I sat in the Stade de France, 17 minutes from eternal glory in the Champions League Final.
I’ve also sat in a muddy field in Wrexham after one of the biggest shocks in FA Cup history.
I’ve had riotous nights out in Cardiff and Bradford on the back of crushing defeats.
I’ve been surrounded by Real Madrid fans in the Bernabeu – before a kindly soul who couldn’t speak a word of English, thrust out a friendly hand offering me a
full plastic cup of Rioja and a paper plate stacked with jamon.
When Thierry Henry scored one of the best goals in Arsenal’s history, the same man shook my hand and simply said: “Muy bien”.
I’ve been stranded on the motorway in deep snow trying to get to Luton. I once got all the way
to Middlesbrough on a National Express coach to find our Tuesday evening game called off.
Not wanting to spend the night in an empty pub in a freezing, deserted town, I went to the pictures and chose the longest film available – there can’t be many people who can say they travelled all the way to Teeside just to watch Lord of The Rings before getting back on an overnight coach to London, which took a mind-numbing seven hours.
I’ve seen us win every trophy we’ve won since the Eighties – if you discount the two and a half years I spent travelling a long time ago – and even then I managed to find BBC World Service in dusty Nicaragua to hear us win an FA Cup Final.
I’ve been stood on top of a stunning Mayan ruin in deepest Yucatan and had a conversation with a Mexican Gooner about the need for a decent reserve keeper.
I’ve been on a black granite Buddhist stupor in Java, chatting to an Indonesian about our transfer policy.
I’ve walked through Vietnam’s DMZ while a man whose grandfather was in the North Vietnamese Army asked me my thoughts on TH14.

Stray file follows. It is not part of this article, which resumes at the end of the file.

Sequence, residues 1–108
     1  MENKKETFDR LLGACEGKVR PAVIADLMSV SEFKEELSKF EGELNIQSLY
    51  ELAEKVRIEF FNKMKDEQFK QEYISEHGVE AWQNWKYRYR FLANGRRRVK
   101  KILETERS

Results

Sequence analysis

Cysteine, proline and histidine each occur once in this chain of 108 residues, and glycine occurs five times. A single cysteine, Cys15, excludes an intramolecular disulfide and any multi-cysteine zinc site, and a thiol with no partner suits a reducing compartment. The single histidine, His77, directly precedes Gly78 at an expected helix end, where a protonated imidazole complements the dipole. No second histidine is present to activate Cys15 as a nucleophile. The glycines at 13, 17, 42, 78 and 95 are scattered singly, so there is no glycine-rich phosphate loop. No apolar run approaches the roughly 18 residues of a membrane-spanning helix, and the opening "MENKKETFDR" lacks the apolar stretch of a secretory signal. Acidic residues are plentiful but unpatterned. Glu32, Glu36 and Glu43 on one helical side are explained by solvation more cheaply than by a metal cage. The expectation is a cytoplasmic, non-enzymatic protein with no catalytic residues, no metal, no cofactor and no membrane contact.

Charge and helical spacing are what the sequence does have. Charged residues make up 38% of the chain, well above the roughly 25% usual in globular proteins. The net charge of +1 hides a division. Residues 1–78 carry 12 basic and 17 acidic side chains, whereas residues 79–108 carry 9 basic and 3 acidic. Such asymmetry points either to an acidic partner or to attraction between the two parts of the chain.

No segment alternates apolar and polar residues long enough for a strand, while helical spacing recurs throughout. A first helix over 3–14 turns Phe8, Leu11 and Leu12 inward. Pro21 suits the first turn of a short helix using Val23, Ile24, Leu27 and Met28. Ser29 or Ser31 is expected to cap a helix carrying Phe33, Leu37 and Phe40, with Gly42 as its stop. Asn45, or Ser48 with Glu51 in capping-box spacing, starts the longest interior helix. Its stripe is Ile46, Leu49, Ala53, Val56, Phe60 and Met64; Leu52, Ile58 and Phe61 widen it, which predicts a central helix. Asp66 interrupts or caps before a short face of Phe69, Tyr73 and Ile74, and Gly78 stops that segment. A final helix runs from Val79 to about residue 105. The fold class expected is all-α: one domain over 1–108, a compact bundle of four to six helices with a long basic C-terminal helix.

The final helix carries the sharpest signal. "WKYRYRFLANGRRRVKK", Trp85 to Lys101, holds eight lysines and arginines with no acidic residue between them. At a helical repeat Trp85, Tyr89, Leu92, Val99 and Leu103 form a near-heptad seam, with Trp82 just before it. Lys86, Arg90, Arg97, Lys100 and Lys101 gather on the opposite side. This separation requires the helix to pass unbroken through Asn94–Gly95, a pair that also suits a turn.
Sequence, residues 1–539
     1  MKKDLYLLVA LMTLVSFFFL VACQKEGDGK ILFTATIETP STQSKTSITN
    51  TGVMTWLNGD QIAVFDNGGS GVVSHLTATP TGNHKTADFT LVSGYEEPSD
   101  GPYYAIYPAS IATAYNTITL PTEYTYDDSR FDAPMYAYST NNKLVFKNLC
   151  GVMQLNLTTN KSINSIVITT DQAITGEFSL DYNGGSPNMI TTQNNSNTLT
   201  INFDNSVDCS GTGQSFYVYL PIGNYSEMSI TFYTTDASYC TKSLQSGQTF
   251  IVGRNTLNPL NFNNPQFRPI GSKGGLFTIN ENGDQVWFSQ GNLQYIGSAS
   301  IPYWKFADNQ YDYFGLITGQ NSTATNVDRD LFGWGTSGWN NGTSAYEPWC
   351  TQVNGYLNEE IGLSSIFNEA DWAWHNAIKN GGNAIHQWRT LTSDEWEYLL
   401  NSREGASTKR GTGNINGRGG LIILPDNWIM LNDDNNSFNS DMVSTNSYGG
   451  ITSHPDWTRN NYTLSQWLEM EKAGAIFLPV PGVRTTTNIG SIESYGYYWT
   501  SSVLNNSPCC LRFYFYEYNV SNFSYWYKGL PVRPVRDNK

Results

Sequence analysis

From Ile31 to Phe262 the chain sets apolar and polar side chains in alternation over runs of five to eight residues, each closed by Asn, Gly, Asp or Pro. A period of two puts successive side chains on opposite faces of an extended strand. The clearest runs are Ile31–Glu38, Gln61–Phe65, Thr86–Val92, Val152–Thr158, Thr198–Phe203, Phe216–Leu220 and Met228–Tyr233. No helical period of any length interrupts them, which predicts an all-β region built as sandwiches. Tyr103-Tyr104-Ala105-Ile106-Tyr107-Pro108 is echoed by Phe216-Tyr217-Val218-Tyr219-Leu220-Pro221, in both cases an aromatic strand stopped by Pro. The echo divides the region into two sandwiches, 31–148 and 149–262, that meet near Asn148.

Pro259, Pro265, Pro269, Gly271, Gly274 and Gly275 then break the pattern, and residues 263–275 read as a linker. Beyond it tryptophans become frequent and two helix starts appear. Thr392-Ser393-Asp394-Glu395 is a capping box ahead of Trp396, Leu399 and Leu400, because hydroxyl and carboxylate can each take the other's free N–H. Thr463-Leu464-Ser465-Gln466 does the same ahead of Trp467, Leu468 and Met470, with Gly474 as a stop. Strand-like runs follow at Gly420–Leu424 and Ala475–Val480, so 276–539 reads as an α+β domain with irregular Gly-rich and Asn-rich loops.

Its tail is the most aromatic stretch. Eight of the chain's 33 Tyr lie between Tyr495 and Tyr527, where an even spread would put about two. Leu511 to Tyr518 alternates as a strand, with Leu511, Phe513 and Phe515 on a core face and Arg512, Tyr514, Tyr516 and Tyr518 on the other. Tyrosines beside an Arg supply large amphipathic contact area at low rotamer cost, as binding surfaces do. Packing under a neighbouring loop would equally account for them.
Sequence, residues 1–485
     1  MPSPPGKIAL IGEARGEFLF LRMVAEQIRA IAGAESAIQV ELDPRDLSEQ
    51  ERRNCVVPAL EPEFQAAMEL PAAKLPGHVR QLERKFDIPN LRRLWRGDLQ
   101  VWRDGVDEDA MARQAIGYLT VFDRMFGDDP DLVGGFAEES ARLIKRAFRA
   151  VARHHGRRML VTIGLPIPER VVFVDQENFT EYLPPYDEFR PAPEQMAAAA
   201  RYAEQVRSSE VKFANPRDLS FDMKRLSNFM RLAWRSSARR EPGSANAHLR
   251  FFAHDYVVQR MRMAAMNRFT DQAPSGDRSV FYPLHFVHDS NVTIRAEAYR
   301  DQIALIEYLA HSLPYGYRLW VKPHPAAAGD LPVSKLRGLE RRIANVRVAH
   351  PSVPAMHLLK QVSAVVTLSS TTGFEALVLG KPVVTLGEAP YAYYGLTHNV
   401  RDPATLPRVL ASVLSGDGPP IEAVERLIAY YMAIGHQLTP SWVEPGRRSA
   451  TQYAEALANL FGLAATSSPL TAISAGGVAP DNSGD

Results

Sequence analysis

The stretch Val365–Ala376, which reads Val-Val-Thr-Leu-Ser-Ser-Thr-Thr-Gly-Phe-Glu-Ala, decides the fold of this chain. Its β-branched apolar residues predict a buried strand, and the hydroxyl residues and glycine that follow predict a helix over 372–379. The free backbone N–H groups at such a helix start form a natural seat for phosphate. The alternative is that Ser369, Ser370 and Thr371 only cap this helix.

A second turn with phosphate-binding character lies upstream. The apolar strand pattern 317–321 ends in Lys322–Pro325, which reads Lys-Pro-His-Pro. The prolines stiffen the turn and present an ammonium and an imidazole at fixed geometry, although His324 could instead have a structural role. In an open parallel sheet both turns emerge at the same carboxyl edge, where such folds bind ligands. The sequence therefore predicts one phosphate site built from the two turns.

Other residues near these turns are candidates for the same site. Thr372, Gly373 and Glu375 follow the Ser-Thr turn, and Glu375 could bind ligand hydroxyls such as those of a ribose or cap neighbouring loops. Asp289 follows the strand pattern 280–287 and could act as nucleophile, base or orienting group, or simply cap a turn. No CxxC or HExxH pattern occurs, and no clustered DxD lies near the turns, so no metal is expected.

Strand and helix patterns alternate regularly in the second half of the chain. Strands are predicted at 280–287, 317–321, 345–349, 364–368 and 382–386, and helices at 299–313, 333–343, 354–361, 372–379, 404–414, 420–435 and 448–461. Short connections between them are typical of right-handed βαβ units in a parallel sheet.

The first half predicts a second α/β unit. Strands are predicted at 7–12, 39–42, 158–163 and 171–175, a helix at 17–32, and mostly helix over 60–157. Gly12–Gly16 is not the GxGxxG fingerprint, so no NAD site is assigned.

I’ve been on a Roman fort in Sardinia and talked about the need for a back-up striker.
I have been on a ferry in beautiful Sydney harbour with my back to the Opera House and Bridge, engrossed in talk about Arsenal beating Spurs.
While working for a charity in Kampala, the capital of Uganda’s biggest slum, I had the unsettling experience of a child with HIV asking me about The Arsenal.
Unsettling because, although I had no way of understanding his suffering, I could empathise with his passion.
With retrovirals in short supply I just wondered how long he would be able to support our team.
Arsenal Football Club has provided me with searing highs and crushing lows.
Wherever I have travelled, the club has been my lingua franca.
Watching The Arsenal is a lifelong addiction, one destined for as much sadness and regret as happiness and success.
If that sounds like a family, I think you’re right – a family is what it is for me and countless others.
For better or worse it’s in the blood.
I never forget how lucky I am to do a job I love.
And when I am in the hallowed press box as qualified journalist who’s sweated blood to get there, I take pride in being totally impartial – while also being conscious of writing for my readership. It’s the only way.
Just like you dear reader I am excited about the new era under the club’s new head coach.
As my – and no doubt your – addiction to The Arsenal shows no sign of abating, here’s to life under Unai Emery.
I for one can’t wait.
Follow Arsenal reporter Layth on Twitter and Instagram @laythy29